How Secure Online Payments and Business Reforms Can Boost E-commerce in the Middle Eastbound

As internet penetration keeps rising, it becomes more and more convenient to carry out daily activities online – including online shopping. E-commerce is already growing at a rapid pace, with online retailers like Amazon and Alibaba leading the industry. A new study reveals that the sector is also set to receive a major boost in the Middle East, as challenges seem to be tackled more and more effectively by countries in the region. What are the main factors behind this immense growth?

Online payment security and adoption

E-commerce has been in large part aided by the evolving digitization of the global economy. As consumers are getting used to online payment methods, they are becoming more and more open to the idea of purchasing products and services electronically. The rise of alternative online payment methods like PayPal has also helped in this regard, as security of online transactions is one of the top concerns for online shoppers. OWASP (short for the Open Web Application Security Project), is a non-profit network of IT security professionals dedicated to providing unbiased information on application security.

Online payment solutions used by e-shops typically make use of web applications to accept and process orders and payments. OWASP gathers data on web application vulnerabilities and publishes a consensus-based report every couple of years that is entitled OWASP Top 10. It details the top 10 most critical web application risks, like SQL injection, cross-site scripting and sensitive data exposure. Professionals use that data to develop and improve defense tools – and consumers value the sense of safety when making online transactions that include sharing their banking and financial details. Online payment solutions used by e-shops typically make use of web applications to accept and process orders and payments.

Cutting back on red tape

The steady rise of online shopping is also aided streamlining the process of setting up an online business or an e-shop branch for an already existing company. The Middle East and North Africa regions are continuously improving their performance regarding ease of doing business. In 2018, UAE scored 94.06 and claimed the 25th spot globally, while Morocco at 92.99 ranked 34th and Oman at 92.89 ranked 37th in terms of ease of doing business. Mauritania with a score of 92.18 at 46th place and Tunisia claiming the 63rd place with a score of 90.23 completed the top five in the region. Egypt was lower, at 109th place with a score of 84.11, while Saudi Arabia came in 141st with 80.07 points.

Overall, the average score across MENA countries was 80.66, which means that the region claimed the 116th place in the global rank. According to the World Bank and its Doing Business 2019: Training for Reform report, the MENA region has carried out impressive reforms to help propel small and medium enterprises forward when it comes to ease of doing business. In 2018 alone, the region saw 43 business reforms implemented across 14 out of its 20 economies – a steep rise compared to just 29 reforms in 2017. Djibouti is the regional leader in the number of reforms and has ranked among the top 10 improvers globally, counting six reforms which include a one-stop shop for start-ups and broader access to credit.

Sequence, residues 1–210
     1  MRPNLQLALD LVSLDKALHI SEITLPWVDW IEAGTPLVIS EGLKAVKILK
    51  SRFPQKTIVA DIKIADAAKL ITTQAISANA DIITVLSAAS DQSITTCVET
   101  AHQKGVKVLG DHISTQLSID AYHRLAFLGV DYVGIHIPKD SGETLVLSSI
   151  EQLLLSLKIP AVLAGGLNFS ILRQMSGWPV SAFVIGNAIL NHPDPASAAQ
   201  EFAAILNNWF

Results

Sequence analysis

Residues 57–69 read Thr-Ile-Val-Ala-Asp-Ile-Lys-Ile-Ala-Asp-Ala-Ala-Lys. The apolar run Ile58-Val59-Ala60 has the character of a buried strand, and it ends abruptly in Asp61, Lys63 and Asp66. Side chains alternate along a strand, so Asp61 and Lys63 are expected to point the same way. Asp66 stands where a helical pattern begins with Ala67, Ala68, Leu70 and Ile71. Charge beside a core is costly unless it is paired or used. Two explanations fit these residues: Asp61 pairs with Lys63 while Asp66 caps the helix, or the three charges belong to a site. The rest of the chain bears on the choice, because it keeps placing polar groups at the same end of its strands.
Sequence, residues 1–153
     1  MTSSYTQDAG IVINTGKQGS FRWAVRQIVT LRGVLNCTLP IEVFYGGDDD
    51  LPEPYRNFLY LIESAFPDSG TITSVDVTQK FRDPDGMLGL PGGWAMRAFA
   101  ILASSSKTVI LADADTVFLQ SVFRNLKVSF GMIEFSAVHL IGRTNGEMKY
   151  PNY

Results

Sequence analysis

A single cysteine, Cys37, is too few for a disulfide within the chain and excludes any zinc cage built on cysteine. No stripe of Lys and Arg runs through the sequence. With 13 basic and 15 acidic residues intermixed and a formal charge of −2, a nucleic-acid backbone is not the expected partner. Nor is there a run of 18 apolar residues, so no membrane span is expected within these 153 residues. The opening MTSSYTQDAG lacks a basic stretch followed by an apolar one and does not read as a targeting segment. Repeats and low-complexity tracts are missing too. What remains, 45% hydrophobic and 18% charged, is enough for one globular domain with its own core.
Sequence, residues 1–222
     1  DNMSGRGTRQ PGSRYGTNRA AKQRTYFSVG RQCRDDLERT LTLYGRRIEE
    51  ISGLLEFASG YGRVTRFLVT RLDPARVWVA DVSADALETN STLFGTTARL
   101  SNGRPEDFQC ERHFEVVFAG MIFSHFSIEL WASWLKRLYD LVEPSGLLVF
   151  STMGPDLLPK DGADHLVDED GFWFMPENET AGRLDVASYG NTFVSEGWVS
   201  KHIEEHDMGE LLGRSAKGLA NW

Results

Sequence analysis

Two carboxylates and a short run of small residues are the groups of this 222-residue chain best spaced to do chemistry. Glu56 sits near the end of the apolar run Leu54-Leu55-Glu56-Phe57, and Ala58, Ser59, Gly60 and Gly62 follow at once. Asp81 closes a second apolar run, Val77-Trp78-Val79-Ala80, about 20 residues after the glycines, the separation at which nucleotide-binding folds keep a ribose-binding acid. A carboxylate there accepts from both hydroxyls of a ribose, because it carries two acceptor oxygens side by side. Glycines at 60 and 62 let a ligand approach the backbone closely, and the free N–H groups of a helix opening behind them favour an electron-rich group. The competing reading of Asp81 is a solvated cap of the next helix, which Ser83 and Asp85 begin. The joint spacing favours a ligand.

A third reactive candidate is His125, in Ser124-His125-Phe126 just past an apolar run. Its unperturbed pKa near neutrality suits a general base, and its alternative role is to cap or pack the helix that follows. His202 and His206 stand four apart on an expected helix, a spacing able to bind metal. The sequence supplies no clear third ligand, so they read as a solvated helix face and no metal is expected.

E-commerce on the rise

Cutting red tape can make room for enterprise growth and attract investment in the region. Both of these developments can help foster the rise of e-commerce, which is already a hot market across investors. The meteoric rise of Amazon in the West and Alibaba in the East has proven that there is money to be made in online retail – and the recent deal between Amazon and Whole Foods has been widely considered a vote of confidence in the up-and-coming industry of online grocery shopping. Shopping online also makes perfect sense when considering the modern, hectic lifestyle – one that is also on the rise across Middle Eastern countries currently undergoing fast-paced economic and structural development.

Perhaps this is why the Middle Eastern e-commerce industry is projected to rise to US$69bn in value by 2020, according to research reported on by entrepreneur.com, with the Gulf region set to lead in terms of growth in the next few years. Overall growth in Africa and the Middle East will proceed at 11 percent CAGR from 2018 to 2022.

According to entrepreneur.com, UAE and Saudi Arabia are the two most mature and largest e-commerce markets in the region. UAE is estimated to represent 45.6 percent of the Middle East market value by 2020 and Saudi Arabia a further 29.1 percent by that same year.

This is particularly impressive if we take into account that, according to the same source, in 2016 just 15 percent of companies in the Middle East were online, while 90 percent of online shopping was from foreign businesses. Out of the total of the retail sector in the region, only 2 percent represented online purchases.

These figures are extremely interesting considering that the Middle East boasts one of the highest penetration rates all over the globe. Yet as the per capita income in the area constantly rises, and more and more foreign tourists are attracted to the Middle Eastern countries, e-commerce is sure to receive a welcome boost.

WE SAID THIS: For the Middle East to remain remain relevant in an ever-changing world, it must invest fully immerse itself in the digital economy

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